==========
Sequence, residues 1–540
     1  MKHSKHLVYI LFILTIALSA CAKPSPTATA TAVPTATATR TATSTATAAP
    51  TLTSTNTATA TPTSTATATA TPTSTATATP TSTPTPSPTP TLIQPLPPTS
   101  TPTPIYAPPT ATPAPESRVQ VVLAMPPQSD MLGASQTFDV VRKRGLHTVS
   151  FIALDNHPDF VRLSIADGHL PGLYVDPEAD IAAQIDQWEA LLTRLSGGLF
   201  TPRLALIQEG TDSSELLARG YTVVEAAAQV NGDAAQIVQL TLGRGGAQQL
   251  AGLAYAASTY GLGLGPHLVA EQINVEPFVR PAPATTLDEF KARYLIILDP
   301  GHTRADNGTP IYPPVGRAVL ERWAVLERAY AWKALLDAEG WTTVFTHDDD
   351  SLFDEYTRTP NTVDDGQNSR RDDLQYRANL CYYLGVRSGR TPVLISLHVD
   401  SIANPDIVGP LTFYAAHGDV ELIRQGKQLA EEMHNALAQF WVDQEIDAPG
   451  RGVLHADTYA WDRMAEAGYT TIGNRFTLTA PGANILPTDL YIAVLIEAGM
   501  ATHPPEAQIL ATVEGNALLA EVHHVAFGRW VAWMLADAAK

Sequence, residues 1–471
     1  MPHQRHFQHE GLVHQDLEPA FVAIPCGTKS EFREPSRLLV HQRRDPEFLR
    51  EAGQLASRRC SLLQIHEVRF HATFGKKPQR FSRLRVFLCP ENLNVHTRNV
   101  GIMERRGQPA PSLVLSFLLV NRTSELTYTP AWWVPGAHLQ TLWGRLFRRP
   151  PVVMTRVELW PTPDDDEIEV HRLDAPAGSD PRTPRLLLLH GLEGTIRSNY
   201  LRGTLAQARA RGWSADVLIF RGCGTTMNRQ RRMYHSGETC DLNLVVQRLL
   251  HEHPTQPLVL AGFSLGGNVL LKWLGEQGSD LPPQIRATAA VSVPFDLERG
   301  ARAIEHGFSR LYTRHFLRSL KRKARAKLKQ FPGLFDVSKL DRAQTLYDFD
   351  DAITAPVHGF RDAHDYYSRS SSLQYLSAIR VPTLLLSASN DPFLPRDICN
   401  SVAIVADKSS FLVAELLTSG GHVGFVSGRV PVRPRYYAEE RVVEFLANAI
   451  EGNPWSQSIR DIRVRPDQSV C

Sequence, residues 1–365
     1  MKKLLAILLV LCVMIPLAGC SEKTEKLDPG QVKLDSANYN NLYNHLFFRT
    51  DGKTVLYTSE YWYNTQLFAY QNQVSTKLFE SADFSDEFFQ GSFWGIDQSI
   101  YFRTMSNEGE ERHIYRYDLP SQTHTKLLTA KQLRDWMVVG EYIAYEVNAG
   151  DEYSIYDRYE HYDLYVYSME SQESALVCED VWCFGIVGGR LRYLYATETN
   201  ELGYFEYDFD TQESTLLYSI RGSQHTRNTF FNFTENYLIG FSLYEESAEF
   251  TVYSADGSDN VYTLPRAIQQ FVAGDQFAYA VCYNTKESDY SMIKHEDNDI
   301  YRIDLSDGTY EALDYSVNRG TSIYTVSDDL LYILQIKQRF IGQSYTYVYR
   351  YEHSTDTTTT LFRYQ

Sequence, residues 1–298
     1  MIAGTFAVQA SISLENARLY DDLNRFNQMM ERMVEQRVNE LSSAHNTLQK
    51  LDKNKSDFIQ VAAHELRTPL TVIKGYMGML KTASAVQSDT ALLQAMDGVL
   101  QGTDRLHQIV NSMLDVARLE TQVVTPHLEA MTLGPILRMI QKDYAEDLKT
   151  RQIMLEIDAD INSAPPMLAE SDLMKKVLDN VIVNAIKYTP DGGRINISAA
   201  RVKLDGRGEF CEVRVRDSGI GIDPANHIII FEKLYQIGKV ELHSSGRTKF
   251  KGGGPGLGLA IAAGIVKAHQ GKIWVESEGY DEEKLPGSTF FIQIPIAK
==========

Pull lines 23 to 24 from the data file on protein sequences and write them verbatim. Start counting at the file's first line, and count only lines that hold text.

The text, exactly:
   451  EGNPWSQSIR DIRVRPDQSV C

Sequence, residues 1–365